– Friday October 25th at 11 AM CEST: ‘Plan S compliance for Open Access Journals’. Can we make it: ‘Plan S compliance for Open Access Journals – what we know so far and where we think we’re heading’ by Dominic Mitchell (DOAJ)
– Friday October 25th at 2 PM CEST: From Open Science to Inclusive Science by Paola Masuzzo….”

Achieving Open Science in the European Open Science Cloud. Setting out OpenAIRE’s vision and contribution to EOSC – Executive Summary | Zenodo

“Key to EOSC architecture is its sustainability, which will primarily be driven by: 1- a participatory design and governance to accommodate different needs and requirements, 2- shared investments as they are being developed by member states (MS/AC), 3- the ability to adapt to new technologies and foster innovation. It is therefore critical that EOSC architecture avoids at any cost a monolithic and centralized approach, and follow a “System of Systems” approach, where resources are brought together at different levels to deliver data and data services. Emphasis is therefore placed on a business-tobusiness (B2B) sharing (data, services, people) and access, with agreements on: 1- A shared policy compliance framework (i) dictating and applying the rules of how the data elements are published, shared and re-used, and (ii) implementing an interlinked data space where every research result comes with its context (related entities), provenance (full data and science path) and usage….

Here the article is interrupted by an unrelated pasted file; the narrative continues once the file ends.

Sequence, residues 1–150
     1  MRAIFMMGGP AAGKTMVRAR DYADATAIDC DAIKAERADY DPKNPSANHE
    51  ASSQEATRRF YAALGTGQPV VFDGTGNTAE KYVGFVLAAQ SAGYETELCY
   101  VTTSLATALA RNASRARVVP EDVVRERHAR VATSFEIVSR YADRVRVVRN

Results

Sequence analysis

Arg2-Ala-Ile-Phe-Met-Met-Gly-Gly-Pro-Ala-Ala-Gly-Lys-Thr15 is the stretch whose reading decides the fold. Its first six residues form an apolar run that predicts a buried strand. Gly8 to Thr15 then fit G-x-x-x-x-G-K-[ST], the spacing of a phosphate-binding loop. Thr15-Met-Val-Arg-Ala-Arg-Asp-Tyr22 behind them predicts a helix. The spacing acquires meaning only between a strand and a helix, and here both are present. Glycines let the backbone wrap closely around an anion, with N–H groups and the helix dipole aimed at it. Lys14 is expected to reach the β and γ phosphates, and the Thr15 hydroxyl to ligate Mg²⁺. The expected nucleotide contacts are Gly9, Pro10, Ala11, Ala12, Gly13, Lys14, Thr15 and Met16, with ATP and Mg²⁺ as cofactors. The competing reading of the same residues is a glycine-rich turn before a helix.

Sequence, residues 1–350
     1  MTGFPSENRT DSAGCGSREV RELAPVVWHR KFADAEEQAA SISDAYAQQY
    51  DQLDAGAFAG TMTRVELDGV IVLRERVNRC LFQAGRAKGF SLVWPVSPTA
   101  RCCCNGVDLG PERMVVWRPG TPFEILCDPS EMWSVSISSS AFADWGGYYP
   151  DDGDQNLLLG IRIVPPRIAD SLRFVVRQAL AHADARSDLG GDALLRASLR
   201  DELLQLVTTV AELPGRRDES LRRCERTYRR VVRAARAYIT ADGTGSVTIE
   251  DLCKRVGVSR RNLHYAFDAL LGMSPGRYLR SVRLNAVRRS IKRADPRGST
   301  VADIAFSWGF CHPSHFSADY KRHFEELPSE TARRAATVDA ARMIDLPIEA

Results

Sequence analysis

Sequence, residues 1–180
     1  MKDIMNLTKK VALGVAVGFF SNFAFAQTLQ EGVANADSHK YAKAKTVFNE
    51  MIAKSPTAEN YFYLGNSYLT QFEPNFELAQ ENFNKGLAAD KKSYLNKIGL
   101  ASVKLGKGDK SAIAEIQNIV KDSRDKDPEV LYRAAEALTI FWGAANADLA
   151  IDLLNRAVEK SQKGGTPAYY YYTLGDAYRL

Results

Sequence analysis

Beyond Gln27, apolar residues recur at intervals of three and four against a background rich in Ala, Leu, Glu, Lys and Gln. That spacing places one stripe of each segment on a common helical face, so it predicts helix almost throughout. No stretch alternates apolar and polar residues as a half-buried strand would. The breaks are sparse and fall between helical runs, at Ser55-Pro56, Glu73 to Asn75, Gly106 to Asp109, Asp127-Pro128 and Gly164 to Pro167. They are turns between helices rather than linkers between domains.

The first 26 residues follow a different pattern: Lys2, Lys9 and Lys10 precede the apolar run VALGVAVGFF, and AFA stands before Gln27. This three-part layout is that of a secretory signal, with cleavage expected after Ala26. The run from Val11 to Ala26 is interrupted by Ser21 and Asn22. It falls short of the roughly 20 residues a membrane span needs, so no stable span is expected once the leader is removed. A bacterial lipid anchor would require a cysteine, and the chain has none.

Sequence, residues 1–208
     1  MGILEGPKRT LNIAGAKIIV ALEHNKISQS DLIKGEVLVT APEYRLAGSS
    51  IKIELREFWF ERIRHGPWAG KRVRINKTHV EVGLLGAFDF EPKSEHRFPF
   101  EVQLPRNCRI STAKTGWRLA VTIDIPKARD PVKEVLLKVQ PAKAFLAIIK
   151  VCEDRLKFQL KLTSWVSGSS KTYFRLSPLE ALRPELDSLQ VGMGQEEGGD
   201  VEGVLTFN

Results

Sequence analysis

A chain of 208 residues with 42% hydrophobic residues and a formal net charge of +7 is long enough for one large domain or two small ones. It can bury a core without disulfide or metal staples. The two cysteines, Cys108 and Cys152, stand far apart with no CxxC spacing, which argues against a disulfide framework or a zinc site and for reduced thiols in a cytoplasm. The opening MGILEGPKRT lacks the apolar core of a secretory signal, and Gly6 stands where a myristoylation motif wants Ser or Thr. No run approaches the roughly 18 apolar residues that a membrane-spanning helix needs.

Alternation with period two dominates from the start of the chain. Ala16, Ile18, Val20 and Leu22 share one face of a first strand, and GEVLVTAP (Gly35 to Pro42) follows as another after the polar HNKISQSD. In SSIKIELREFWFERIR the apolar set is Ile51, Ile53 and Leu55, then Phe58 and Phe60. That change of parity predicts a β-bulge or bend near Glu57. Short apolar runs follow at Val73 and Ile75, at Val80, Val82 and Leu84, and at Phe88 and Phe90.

EOSC will converge national support structures bringing all players together in a collaborative arrangement. No single organization is able to fulfil the Commons approach alone and implementation of Open Science requires specific handling, as most of the barriers are cultural and organizational….